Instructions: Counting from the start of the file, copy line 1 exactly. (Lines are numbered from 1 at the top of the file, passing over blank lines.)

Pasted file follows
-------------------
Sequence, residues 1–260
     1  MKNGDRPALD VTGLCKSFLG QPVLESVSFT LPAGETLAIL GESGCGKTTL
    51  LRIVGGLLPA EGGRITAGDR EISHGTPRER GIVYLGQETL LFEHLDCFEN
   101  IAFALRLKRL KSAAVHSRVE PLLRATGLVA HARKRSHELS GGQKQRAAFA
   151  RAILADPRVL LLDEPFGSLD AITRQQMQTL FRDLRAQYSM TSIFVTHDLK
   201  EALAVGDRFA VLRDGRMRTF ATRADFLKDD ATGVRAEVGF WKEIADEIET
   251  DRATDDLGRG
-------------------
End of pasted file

Sequence, residues 1–260